Schools rugby: High time to unclog those pipes of talent


Schools rugby: High time to unclog those pipes of talent

The game shouldn’t revolve around a set of schools, regardless of their pedigree

Sports reporter

Last week I had a vigorous social media debate with some tweeps about the quality and the composition of the SA schools team that did battle with their French, English and Welsh counterparts in the Western Cape recently
A theme that emerged, and one that worries me no end, is the thinking that unbeaten schools or the most preeminent ones during a rugby season should be the ones that produce the most SA schools players.
There’s logic in that argument from a combination perspective but what does that do from a talent constriction and centralisation perspective? It leads to the slow strangling of the game at the very same level where the talent pipelines are already clogged by those who have the added advantage of attending schools with serious rugby pedigree.
One cannot dispute the excellence displayed this year by Grey College, Paul Roos Gimnasium (who played in Bloemfontein on Saturday) and Glenwood High School in Durban. They’ve produced really good teams this season and deserve to be at the top of the respective (and often highly flawed) schoolboy ranking systems.However, rugby is a game that’s had difficulty parting its umbilical cord from the apartheid past where it was a major beneficiary, and the fact that transformation isn’t a prerequisite for school teams.
A lot was made of the Grey/Paul Roos game (they’ve produced more than 90 Springboks) and the fact that it was a championship-deciding game as both sides were unbeaten.
However, there is an acute case of amnesia in remembering that school rugby is just a game and part of a conduit that develops players for the bigger SA cause. It is really just that, even though millions of rand flows through the SA schools rugby system.
Rugby shouldn’t revolve around a set of schools, regardless of their pedigree, especially when players (white ones in particular) are leaving SA in droves.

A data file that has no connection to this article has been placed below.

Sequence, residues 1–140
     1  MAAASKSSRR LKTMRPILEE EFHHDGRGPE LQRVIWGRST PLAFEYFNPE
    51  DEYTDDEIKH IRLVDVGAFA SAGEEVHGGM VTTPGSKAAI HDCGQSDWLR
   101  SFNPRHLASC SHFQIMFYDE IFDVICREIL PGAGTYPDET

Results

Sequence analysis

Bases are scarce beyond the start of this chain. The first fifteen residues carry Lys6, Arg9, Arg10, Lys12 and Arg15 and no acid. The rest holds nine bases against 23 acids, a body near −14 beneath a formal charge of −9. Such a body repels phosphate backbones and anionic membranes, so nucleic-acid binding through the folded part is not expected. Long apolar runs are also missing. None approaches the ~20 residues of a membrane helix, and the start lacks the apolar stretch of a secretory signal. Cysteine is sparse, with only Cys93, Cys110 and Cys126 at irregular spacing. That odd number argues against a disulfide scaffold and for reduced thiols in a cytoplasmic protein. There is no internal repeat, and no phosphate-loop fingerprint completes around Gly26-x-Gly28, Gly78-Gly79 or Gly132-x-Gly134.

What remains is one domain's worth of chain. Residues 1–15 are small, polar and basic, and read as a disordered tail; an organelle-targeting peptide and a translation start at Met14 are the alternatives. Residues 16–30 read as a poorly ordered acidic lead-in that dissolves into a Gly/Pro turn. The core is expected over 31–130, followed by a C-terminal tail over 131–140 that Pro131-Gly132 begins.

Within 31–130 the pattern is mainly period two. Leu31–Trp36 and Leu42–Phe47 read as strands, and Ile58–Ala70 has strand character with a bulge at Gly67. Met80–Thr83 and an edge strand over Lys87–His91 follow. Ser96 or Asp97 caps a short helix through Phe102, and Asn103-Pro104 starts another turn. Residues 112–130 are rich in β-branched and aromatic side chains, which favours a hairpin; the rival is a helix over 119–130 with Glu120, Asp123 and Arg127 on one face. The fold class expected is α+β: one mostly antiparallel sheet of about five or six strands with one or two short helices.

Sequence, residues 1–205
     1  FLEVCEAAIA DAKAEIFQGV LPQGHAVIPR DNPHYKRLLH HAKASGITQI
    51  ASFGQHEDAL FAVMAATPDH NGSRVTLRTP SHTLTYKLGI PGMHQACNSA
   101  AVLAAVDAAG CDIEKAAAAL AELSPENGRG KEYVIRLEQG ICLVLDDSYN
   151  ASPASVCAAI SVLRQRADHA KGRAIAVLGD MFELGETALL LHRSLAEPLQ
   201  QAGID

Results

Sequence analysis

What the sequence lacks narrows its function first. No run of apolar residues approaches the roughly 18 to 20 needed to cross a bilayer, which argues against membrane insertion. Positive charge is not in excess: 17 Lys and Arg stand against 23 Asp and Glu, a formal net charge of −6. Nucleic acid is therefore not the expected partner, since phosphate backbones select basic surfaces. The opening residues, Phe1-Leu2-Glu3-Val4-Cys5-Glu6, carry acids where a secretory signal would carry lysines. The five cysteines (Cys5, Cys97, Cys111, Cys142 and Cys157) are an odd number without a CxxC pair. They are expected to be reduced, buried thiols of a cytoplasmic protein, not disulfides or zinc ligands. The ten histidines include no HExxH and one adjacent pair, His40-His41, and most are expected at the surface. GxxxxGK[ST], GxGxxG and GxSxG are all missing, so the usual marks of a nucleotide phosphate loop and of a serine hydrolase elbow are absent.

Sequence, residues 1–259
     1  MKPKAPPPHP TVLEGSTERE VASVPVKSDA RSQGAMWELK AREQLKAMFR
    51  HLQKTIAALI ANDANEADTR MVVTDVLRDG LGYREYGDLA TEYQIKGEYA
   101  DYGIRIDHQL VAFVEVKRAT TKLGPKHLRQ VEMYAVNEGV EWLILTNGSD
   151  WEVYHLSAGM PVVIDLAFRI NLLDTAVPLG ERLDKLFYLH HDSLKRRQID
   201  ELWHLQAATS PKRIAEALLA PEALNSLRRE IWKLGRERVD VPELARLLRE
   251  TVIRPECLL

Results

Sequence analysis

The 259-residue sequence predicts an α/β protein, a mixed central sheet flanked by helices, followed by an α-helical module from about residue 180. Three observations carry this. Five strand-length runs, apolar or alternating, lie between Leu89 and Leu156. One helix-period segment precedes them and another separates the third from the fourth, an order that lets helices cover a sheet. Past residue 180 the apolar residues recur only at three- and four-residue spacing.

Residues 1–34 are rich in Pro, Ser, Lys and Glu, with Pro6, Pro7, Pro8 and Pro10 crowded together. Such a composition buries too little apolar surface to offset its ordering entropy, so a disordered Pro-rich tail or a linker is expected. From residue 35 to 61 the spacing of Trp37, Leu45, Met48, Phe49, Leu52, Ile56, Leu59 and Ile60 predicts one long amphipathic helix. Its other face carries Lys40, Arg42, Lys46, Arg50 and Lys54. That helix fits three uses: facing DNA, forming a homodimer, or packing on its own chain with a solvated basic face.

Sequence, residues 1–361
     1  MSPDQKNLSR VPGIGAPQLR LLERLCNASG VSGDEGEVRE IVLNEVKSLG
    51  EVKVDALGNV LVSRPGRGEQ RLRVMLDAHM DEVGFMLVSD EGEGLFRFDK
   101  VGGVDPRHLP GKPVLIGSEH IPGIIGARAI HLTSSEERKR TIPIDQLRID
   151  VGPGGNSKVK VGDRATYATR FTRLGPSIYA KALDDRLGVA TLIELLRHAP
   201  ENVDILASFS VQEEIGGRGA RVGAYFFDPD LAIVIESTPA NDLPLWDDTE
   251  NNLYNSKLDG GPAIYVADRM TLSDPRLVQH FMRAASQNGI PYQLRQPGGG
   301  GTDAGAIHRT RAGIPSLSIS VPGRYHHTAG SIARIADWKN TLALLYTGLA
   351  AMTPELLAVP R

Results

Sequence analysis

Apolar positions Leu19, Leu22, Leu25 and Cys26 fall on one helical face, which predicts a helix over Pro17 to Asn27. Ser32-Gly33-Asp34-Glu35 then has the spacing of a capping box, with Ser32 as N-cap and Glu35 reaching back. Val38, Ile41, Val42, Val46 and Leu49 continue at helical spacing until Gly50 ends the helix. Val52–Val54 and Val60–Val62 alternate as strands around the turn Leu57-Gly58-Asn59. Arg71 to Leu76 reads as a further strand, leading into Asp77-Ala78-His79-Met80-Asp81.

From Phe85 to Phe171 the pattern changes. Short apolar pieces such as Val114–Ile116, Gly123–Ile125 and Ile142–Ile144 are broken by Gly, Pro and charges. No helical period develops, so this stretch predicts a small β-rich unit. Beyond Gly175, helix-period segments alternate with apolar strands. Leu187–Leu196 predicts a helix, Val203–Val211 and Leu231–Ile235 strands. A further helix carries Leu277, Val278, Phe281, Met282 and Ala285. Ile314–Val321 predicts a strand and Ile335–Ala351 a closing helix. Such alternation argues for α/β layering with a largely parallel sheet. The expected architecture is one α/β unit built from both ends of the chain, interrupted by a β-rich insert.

It is also worth noting that these two schools only have one black Springbok (Damian Willemse from Paul Roos) among the swathes they’ve produced.
The idea of wanting to pick a composite schools side from the top three teams (or whoever is good in a particular year) defeats the very purpose of Craven Week.
Craven Week is about having the best players from the schools in a said region going up against each other to find the cream from the other cream.A team may be unbeaten and have good chemistry through years of growing in one system but that doesn’t guarantee that many of the players in the team are good enough to succeed at the highest level. That’s what Craven Week is there for, despite the selection controversies that will always dog some provinces. 
Craven Week also sorts out the transformation imbalance prevalent at many of SA’s top rugby schools. While Glenwood does find itself in different transformation territory, SA’s major Afrikaans-speaking rugby schools and some of their English-speaking counterparts aren’t very good at transformation. What we see on TV when these teams play tells us all we need to know about this.
Just to point out this transformation imbalance, the North-South Wilderklawer school teams who will play at Ellis Park on September 15 are picked from the 20 schools that took part in the Super Schools tournament at the end of April. Even then, the majority of black players in the 46-strong contingent are from Glenwood, Welkom Gimnasium and the smaller Southern Cape schools, while only two are from the rugby factories.
There’s also the significant matter of a top Western Cape rugby school whose SA Schools representative hasn’t been deemed good enough to play for the school’s first team in his preferred position – even though the youngster had played Craven Week rugby in his best position for the past two years.
Schools rugby may be the crowning glory for many, but there’s life outside it. The channelling of talent (playing and coaching) in the right direction for the benefit of the broader SA rugby spectrum should be the end game for schools rugby. However, not everyone drinks from this cup of optimism and that’s to be expected. This is SA after all.

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